Enjoy the late summer's bounty with area festivals celebrating both the sweetness of apples in Bethlehem and the spiciness of hot peppers in Bowers.
America's beloved apple is celebrated at the sixth annual Apple Days, presented by Historic Bethlehem Museums & Sites. The two-day family festival at Burnside Plantation in Bethlehem features apples in every conceivable form, from apple pie to hard ciders.
From 10 a.m. to 4 p.m. Saturday and Sunday, celebrate the season with family fun, including apple bobbing, kids crafts and activities, cooking and colonial demonstrations, barn and house tours, live music, culinary contests, doughnut-eating contests, and everything apple.
Apple desserts available for sale include doughnuts, pies, dumplings, fritters, strudel, muffins, ice cream and more.
Test your eating skills with a doughnut-eating contest at 12:15 p.m. both days and a kids culinary contest at 1 p.m. Sunday.
Live entertainment is presented both days by musical groups, including Barrel House Brothers, Tim Harakal and Rebecca Connelly, the Lyons Fiddle Festival Champions and area school groups.
Colonial demonstrations include chainsaw carving, black smithing and chair caning.
Adults can try different flavors of Hardball Cider as well as apple and other fruit wine from Sleepy Cat Winery or a "Big Apple Cocktail" from Kilimanjaro Distillery in the hard cider tent.
Admission is $5 for people 18 and up. Kids are free but can get a $5 craft pass, which entitles them to make and take crafts, including clay pinch pots, stencil t-shirts, pine cone bird feeders, tin-punched ornaments or decorate-a-rock. Adults also may buy a $10 cider pass, which includes admission, a commemorative glass, and your first glass of hard cider.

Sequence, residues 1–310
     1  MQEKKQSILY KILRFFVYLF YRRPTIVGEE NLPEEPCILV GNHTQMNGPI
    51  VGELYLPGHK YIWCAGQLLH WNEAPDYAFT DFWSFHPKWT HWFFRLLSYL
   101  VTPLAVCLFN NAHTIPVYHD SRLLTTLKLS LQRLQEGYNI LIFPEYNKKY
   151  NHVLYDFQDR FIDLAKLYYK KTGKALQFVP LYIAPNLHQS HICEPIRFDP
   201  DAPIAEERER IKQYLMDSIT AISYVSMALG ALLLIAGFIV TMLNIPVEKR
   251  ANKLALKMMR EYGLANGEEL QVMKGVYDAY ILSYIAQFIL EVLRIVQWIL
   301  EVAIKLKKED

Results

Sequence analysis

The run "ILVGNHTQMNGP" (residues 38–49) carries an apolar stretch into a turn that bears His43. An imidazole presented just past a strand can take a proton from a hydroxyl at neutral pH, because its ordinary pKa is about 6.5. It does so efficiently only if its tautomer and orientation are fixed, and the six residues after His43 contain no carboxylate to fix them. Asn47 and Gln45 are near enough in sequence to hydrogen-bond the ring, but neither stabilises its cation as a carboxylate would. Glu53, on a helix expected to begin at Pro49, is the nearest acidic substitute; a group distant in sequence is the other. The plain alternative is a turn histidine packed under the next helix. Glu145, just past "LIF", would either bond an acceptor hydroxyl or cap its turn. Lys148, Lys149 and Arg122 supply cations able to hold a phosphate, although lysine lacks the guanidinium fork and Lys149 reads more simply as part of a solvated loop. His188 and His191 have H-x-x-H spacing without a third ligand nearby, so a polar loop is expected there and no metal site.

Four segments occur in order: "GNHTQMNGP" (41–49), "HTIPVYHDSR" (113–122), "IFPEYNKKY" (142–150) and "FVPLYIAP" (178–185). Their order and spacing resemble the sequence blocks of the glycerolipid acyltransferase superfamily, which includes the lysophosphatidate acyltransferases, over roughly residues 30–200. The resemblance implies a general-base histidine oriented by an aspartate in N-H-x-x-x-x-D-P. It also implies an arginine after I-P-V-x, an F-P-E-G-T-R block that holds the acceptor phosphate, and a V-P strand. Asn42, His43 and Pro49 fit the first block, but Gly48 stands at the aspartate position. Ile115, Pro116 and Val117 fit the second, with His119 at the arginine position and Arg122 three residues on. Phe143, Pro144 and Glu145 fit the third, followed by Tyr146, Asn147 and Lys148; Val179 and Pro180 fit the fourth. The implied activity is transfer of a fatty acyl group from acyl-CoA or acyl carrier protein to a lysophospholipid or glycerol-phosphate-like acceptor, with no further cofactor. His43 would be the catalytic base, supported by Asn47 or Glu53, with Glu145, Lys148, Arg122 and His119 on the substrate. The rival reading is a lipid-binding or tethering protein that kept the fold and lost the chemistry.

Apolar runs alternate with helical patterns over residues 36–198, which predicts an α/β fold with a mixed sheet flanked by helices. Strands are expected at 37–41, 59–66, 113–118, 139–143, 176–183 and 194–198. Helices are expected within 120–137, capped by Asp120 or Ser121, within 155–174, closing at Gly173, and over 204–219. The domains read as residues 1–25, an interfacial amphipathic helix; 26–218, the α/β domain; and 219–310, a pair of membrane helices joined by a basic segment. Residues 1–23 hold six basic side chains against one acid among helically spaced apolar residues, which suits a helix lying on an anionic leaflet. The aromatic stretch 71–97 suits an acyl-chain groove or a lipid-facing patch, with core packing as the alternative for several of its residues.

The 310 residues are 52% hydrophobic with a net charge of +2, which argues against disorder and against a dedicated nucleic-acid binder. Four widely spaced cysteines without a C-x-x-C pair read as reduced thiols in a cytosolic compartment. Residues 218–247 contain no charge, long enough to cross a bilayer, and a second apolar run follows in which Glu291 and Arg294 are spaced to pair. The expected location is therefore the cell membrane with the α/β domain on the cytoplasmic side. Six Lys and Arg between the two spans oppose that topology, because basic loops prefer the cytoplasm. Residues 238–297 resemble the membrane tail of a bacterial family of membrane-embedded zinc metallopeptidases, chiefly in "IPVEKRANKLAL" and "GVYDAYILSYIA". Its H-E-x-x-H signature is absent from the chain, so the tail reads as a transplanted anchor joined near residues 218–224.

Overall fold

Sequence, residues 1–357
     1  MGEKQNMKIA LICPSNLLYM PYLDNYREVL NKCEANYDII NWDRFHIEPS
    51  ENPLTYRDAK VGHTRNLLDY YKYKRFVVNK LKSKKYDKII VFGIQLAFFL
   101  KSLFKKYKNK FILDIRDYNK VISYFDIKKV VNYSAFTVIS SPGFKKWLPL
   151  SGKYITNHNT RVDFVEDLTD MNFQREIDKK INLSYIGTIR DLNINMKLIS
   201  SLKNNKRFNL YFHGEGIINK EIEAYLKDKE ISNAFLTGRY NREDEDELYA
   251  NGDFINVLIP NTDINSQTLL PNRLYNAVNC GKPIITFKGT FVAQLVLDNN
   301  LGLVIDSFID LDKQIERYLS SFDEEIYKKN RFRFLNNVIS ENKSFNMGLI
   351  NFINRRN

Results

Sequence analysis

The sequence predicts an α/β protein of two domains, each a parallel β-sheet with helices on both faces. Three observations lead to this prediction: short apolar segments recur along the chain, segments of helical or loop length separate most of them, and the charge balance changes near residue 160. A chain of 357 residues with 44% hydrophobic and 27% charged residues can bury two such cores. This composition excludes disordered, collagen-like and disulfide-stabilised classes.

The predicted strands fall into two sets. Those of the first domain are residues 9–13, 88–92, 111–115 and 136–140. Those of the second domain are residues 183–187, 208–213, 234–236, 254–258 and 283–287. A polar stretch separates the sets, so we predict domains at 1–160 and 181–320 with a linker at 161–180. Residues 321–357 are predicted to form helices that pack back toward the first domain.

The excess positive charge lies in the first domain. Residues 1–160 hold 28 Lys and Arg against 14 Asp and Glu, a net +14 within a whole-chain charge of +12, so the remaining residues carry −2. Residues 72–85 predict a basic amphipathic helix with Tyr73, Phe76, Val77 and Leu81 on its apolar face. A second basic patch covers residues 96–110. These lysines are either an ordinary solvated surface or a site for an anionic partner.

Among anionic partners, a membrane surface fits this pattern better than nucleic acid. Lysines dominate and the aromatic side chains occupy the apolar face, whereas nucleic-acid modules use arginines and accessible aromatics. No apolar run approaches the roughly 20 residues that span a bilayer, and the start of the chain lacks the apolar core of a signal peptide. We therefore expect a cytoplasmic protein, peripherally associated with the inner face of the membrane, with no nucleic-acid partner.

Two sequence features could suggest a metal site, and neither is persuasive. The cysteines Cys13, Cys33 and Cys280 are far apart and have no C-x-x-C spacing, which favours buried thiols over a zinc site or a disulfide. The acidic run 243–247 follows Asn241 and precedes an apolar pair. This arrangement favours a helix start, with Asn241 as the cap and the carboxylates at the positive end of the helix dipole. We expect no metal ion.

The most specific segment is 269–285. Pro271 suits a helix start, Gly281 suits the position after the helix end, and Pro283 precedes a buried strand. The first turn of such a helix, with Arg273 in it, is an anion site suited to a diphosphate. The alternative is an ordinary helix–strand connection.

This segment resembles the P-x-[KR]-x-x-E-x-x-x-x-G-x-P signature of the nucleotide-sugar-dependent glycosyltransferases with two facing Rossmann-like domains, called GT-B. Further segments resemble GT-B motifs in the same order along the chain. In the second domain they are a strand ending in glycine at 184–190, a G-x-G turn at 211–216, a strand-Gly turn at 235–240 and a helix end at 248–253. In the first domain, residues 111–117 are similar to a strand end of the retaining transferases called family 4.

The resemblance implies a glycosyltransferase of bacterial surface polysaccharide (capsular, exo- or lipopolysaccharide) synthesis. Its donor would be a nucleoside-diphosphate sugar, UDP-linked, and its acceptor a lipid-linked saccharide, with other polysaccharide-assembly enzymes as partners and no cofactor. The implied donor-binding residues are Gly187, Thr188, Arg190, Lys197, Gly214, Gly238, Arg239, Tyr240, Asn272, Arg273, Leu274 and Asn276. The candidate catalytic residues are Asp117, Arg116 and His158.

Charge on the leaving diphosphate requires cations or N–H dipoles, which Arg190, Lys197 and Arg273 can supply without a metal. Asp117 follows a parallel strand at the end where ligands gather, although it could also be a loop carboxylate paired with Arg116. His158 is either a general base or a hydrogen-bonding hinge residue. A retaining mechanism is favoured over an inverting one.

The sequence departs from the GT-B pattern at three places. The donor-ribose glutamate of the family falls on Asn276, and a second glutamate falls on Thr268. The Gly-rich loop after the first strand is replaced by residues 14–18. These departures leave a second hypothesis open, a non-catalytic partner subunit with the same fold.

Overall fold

Free festival parking and shuttle buses are located at the former Bon-Ton of the Westgate Mall, 2524 Schoenersville Road, Bethlehem.
For more information, call 610-882-0460 or go to HistoricBethlehem.org.
For those who like it hot, every kind of hot pepper you can imagine, from jalapeno to the legendary ghost pepper, can be found at the 24th annual Chile Pepper Food Festival on Friday and Saturday at William Delong Park in Maxatawny Township, Berks County.
The event is the largest chile pepper festival of its kind anywhere, with more than 100 different varieties of chili peppers.
From 9 a.m. to 6 p.m. Friday and Saturday, enjoy hot chili, spicy seafood and more, or cool off your palate with chuck wagon old-fashioned sodas. Sample jalapeno wine or one of their many sweeter fruit wines at Boyd's Cardinal Hollow Winery.
Dare to enter the jalapeño pepper eating contest or sample entries in the salsa contest. Available will be excursions to the pepper fields.
Dozens of vendors will have a wide assortment of varieties of hot sauces, spicy barbecue sauces, hot pickles, salsas, fresh and dried hot peppers and pepper plants.,
Admission is by donation and parking is free.
William Delong Park is at 233 Bowers Road. For information, go to pepperfestival.com.
The Vivaldi Project to perform works from Moravian Archives The Vivaldi Project, a period instrument ensemble dedicated to presenting innovative programs of baroque and classical string repertoire that combine scholarship and performance, will perform at the historic Old Chapel on Central Moravian Church's campus at 4 p.m. Sunday.